Too much is never enough
When it comes to exercise, there is no such thing as too much of a good thing.
This is the takeaway from the research of Dr. Paul Williams, who in the last 20 years has studied the relationship between exercise dosage/volume of aerobic activity and health in more than 100,000 runners.
In the WSJ article, “Why You Should Step Up Your Workout,” Kevin Helliker reports that
Dr. Williams’s most noted research dates back to 1991, when he used a subscription list from Runner’s World magazine to identify a cohort of about 55,000 runners. In the years that followed, he doubled that number by recruiting participants at running and walking events. Calling his project the National Runners’ Health Study, Dr. Williams began dispatching surveys asking runners to describe in great detail their running regimens, their demographics and their medical histories.
The National Runners’ Health Study has produced more than 40 published articles. From the outset, a one-word theme emerged from his findings: more. An early study, for instance, found that male distance runners gained weight with age unless they added mileage.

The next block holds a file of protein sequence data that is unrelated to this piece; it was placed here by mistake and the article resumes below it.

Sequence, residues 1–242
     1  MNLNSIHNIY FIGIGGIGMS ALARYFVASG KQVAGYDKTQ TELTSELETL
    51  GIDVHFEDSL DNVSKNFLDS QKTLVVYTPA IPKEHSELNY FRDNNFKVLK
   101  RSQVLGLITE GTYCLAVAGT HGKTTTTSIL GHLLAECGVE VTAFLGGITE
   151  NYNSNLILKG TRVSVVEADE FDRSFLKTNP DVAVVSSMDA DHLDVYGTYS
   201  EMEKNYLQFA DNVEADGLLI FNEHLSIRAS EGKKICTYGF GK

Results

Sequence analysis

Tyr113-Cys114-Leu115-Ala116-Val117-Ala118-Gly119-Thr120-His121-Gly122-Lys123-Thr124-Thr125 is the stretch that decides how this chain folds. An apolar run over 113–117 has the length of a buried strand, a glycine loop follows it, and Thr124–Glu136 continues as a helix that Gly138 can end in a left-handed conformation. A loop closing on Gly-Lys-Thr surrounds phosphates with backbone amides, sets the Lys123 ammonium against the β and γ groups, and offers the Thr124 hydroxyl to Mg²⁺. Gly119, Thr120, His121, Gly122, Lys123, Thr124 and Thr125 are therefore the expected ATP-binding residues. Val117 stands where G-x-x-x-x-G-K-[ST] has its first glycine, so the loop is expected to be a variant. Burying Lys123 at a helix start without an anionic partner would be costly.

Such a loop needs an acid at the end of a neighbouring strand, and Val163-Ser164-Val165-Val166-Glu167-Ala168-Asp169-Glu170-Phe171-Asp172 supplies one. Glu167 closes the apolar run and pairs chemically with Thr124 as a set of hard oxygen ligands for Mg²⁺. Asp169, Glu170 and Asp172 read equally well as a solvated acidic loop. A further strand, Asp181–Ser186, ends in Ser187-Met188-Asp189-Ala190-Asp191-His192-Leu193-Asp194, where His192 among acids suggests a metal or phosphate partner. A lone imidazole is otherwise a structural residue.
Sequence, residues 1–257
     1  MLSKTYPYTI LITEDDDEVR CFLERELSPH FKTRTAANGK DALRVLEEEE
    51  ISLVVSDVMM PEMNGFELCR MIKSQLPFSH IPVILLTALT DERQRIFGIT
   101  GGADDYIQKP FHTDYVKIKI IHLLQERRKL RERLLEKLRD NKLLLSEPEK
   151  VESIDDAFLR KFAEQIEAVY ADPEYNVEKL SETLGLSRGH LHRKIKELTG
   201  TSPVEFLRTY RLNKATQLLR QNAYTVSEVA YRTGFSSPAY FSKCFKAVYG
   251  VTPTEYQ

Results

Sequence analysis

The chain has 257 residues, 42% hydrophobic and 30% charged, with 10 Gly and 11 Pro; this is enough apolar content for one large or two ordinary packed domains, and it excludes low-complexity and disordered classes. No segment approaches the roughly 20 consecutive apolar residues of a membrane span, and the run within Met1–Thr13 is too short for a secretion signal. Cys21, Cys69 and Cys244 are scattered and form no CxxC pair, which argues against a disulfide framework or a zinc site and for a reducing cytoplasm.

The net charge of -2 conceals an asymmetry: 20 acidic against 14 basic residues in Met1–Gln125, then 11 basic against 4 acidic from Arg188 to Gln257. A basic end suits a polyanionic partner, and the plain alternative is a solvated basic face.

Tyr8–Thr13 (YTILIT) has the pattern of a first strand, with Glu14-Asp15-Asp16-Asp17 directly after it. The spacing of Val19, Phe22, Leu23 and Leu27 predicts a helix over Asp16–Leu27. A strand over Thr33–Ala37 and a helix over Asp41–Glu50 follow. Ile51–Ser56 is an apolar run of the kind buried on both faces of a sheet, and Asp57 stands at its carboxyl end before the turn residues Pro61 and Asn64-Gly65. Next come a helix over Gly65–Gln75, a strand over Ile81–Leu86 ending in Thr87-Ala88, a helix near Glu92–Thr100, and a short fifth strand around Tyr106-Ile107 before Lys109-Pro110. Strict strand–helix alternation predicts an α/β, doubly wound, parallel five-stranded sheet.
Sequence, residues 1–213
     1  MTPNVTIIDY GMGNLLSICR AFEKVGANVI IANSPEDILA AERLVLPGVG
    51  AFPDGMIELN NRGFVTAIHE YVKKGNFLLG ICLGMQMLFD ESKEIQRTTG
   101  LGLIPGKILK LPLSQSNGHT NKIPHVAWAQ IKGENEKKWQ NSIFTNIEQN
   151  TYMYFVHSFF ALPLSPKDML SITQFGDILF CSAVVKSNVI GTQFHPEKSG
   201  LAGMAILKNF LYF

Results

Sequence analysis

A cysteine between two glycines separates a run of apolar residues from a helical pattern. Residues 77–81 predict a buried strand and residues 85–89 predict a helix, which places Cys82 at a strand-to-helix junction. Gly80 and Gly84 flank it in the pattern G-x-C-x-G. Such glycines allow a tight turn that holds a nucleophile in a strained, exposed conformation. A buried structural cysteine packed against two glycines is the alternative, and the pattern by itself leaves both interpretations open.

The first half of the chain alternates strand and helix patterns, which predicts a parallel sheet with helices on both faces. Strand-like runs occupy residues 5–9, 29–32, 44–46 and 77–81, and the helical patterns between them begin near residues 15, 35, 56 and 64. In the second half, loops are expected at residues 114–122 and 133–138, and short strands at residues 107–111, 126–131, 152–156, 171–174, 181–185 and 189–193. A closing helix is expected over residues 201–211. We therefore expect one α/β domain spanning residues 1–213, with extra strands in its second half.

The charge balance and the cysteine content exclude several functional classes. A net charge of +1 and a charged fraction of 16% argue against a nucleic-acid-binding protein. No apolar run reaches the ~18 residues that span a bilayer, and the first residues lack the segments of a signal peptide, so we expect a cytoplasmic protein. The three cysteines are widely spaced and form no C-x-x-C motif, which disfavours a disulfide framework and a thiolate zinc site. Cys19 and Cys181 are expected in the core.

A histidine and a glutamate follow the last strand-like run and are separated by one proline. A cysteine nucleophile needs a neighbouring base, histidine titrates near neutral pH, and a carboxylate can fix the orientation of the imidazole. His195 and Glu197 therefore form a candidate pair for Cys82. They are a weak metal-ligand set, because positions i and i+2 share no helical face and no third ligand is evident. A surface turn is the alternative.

Current federal guidelines recommend about 30 minutes of physical activity per day. Dr. Williams, however, wants to up the ante.
Dr. Williams’ studies have shown that exceeding the federally recommended exercise guidelines can reduce the risk of stroke, heart attack, glaucoma, diabetes and other diseases by as much as 70% above the benefits of merely meeting the guidelines. “There is no gene or drug discovery that comes close” to the effects of more and more-vigorous exercise, says Dr. Williams, a staff scientist at the Lawrence Berkeley National Laboratory in Berkeley Calif.
Public health officials are afraid of acting on Dr. Williams’ research, however, out of a fear that any campaign to increase exercise intensity and volume would intimidate an already sedentary population.
While Dr. Williams is well respected by other exercise scientists, he is shunned by those in the public-health field. Dr. Williams is routinely excluded from committees charged with formulating exercise guidelines, and his grant proposals are often rejected as irrelevant because few exercisers want to hear the word “more.” Public-health officials also worry that touting Dr. Williams’s research could discourage the sedentary from doing any exercise at all, or lure them off the couch with goals too lofty to engender success.